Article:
June 2021


Digital: Safety, simplicity and productivity provide the value needed in plant operations

In today’s manufacturing environment, process automation professionals must choose from a multitude of widgets and innovations to help their plants run more smoothly.

David, A., Endress+Hauser

In today’s manufacturing environment, process automation professionals must choose from a multitude of widgets and innovations to help their plants run more smoothly. This raises questions as to what makes a new technology or widget useful and not just another PowerPoint slide detailing features and benefits.

When researching the universe of process automation technologies, it is easy to get excited about something new and innovative. However, investing in new technology for the plant environment is much harder than upgrading to the newest smartphone. Many different aspects and effects of proposed improvements must be considered, including compatibility with existing systems, ease-of-use, cost/benefit ratio and other factors.

Before deciding to install the newest widget in the market, it is important to evaluate the everyday work and demands of the process automation professionals who are the end users of the equipment. How can this new technology make their lives easier, and why should they care about this new tool? While the reasoning may change depending on who in the plant one is talking to, simplicity, safety and productivity are interconnected points that provide a solid basis for evaluating new technologies. This sentiment is shown in the following examples.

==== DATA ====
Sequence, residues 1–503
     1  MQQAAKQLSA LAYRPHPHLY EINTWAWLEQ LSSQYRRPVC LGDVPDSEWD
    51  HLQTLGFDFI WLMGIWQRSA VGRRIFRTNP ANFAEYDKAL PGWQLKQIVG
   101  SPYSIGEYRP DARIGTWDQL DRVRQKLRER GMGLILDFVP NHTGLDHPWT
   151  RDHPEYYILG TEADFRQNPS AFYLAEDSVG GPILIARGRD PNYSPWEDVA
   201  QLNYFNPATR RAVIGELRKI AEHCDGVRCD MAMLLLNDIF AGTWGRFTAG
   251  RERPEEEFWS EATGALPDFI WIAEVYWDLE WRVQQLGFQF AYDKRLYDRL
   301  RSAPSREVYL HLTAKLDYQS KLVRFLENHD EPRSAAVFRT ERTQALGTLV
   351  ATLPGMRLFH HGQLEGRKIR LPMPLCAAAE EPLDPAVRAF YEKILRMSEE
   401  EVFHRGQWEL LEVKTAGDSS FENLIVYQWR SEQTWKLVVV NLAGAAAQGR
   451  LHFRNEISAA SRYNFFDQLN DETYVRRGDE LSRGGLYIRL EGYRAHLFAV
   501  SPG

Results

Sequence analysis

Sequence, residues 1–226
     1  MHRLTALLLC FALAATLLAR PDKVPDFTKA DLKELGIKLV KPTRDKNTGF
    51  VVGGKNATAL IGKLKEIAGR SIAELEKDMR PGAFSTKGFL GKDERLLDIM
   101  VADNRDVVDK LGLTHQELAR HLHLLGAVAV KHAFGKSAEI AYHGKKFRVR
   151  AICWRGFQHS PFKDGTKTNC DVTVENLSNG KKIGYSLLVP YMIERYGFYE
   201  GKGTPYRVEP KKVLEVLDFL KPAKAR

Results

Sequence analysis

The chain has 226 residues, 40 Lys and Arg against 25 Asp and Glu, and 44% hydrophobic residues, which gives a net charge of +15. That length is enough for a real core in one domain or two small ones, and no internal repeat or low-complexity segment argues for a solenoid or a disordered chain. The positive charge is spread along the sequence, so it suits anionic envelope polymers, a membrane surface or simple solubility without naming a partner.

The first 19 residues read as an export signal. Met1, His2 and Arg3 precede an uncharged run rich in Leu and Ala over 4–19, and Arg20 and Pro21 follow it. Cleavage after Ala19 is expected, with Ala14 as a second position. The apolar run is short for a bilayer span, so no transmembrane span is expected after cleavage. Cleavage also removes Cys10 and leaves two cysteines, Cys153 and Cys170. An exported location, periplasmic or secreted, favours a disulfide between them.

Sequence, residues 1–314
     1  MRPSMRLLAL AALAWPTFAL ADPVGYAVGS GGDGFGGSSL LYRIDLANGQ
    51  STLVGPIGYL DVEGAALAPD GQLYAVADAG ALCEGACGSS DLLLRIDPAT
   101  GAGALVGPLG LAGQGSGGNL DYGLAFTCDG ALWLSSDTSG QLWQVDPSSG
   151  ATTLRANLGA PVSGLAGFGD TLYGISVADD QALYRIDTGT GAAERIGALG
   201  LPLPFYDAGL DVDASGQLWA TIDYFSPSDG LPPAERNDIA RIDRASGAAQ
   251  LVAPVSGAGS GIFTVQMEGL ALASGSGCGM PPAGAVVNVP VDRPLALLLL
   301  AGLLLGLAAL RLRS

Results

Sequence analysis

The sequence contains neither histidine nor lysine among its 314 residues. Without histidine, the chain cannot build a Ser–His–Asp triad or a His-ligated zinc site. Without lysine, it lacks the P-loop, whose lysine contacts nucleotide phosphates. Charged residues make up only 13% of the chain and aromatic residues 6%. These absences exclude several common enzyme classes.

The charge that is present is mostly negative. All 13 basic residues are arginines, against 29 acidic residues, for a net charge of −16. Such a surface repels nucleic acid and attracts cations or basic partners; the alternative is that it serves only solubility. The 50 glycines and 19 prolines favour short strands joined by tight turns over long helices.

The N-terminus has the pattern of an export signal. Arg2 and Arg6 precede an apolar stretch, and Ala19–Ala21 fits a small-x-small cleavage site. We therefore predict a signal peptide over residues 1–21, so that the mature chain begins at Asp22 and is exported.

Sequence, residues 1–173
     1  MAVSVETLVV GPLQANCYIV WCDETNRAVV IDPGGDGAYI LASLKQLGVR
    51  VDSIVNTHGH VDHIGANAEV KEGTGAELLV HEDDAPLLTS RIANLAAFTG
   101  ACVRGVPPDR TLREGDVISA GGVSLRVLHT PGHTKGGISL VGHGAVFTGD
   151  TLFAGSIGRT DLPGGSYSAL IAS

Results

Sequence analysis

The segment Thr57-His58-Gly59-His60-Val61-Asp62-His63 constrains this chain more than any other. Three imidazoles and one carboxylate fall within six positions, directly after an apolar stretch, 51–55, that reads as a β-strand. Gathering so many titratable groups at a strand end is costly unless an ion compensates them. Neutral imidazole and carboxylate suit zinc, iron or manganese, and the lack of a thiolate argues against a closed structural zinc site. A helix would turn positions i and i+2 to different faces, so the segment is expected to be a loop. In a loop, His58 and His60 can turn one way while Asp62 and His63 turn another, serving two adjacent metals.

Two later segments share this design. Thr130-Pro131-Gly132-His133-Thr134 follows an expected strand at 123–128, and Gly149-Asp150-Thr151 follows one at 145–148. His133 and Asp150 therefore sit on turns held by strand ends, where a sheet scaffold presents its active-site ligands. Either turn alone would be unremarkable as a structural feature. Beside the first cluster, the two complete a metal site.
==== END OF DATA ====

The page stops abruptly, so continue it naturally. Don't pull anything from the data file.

Improving instrument commissioning and operation

Smartphone apps are a relatively new tool in the industrial arena, although they have been in use for more than a decade in the consumer and commercial sectors.

Many process plants experience problems with instrument commissioning and with ongoing operations due to a lack of readily available diagnostics. Existing tools—ranging from pen and paper to frequent field visits—are not up to the task. To address these and other issues, some instrument vendors have introduced smartphone apps, allowing plant personnel to interact with process instruments via Bluetooth.

The following details how this new technology can be used to improve safety, simplicity and productivity.